By Charlie Mulqueen
Joey Carbery faces the biggest challenge of his still fledgling Munster career at the Aviva Stadium on Saturday when he faces his old Leinster colleagues.
Before making a belated decision to pursue his career down south, the New Zealand-born, Kildare raised Carbery expressed a desire to stay with Leinster until he was convinced his prospects of international recognition would be best served by moving to Munster.
He now insists that he is delighted at having accepted the advice. And his confidence is sky high after a couple of man- of-the-match performances highlighted by a cracking try last week against Ulster and an 18-point contribution.
Quite obviously, Carbery is familiar with much of Leinster’s tactical planning and what makes his famous opposite number Jonny Sexton tick. However, Munster coach Johann van Graan insists he wouldn’t go down the route of insider trading.
“No, it is all about respect and I’m certainly not going to ask him for the names of their moves and the way they do things,” the South African insisted. “This is a new game, a new season and it moves on.
“If our focus was to get information out of Joey, then I don’t think it’s the right way to go about things.
“It’s about us and the way that we want to move forward. I believe if you focus so much on those other things you will chase your tail.
“His integrity is so good so it’s not even a question that we’re going to pose to him. Our focus is on us and how we are going to beat them.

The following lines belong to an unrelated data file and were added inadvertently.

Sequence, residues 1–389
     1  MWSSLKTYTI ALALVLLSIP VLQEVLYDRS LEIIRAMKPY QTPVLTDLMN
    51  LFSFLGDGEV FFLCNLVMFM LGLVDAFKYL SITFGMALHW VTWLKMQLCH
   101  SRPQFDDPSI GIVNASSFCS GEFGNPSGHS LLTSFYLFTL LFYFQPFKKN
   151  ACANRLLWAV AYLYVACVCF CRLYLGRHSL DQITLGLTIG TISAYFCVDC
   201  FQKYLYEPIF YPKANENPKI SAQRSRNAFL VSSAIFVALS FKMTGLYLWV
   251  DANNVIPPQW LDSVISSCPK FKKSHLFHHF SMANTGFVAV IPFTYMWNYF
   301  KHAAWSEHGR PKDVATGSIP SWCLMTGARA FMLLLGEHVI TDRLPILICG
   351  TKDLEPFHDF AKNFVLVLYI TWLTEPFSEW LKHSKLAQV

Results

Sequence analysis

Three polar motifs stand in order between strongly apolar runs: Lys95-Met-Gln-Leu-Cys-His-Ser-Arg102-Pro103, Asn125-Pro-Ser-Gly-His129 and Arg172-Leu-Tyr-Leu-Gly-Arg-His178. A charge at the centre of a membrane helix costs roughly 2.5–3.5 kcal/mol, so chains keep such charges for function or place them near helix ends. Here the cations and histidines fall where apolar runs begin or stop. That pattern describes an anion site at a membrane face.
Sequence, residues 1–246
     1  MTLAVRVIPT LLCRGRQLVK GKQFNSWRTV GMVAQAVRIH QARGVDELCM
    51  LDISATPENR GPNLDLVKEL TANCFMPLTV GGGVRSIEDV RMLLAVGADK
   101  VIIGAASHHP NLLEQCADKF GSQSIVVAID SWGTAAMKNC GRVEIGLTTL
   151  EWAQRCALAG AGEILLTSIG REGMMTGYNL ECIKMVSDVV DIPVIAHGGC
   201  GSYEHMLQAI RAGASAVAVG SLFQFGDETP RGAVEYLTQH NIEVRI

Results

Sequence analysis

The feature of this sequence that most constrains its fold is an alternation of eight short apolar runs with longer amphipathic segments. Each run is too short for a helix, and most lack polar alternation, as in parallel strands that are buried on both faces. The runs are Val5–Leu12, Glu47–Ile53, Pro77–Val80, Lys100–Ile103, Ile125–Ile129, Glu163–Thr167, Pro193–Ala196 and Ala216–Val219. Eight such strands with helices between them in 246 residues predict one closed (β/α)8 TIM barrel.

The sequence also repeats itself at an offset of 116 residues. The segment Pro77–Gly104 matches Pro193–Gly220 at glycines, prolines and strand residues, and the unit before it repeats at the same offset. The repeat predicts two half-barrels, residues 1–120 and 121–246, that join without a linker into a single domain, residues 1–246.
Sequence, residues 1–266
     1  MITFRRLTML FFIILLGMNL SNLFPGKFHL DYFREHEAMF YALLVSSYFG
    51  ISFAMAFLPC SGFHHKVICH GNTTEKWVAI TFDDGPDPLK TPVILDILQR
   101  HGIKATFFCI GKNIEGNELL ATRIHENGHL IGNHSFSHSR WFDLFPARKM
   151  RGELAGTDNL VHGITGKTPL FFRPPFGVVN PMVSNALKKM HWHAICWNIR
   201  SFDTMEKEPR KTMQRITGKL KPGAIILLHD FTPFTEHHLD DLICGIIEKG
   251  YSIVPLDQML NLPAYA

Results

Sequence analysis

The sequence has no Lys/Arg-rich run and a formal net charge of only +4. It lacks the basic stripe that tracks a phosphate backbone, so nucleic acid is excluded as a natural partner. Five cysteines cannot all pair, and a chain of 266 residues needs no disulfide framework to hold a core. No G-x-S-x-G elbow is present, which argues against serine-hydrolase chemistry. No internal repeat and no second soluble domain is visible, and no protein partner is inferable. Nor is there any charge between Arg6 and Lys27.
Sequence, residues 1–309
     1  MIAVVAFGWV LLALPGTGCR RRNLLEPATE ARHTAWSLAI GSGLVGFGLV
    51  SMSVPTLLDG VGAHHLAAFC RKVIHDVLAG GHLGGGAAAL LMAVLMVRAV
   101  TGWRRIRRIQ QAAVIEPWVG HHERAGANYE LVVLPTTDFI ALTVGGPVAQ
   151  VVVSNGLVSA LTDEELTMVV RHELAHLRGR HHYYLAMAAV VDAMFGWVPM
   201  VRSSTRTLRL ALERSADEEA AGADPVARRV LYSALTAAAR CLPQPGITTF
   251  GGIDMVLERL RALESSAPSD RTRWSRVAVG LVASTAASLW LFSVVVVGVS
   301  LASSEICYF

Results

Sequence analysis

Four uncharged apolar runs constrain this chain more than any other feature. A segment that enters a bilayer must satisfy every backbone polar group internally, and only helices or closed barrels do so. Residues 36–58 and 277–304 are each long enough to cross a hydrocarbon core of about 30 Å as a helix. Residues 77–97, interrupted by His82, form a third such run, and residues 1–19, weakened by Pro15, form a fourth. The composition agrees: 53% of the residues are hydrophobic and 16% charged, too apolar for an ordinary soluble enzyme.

Examining the video of how Leinster dealt effectively last week with a fired up Connacht team only hardened van Graan’s belief that this could be one of his side’s toughest assignments of the entire season, their prospects not helped by having won only once in 10 years at the Aviva.
“I don’t think it’s a big focus for us,” he claimed. “So it’s a new week and a new game against quality opposition. You have to think outside the box against them. Let’s call their defence the secret of their team. They don’t really commit a lot of guys to the breakdown. They are very comfortable to defend 10, 20, or 30 phases and once they get that turnover, they punish you.
“A lot of teams have come trying different things against them: some guys try to keep the ball in hand; some go to the air; some went with a breakdown focus and some went in with a variety of stuff. The important thing for us is that we play our game.
“Obviously we want to get some momentum and get some points on the board, but when they are good is when they get their noses in front, they stay there. You have to build a scoreboard pressure against them.”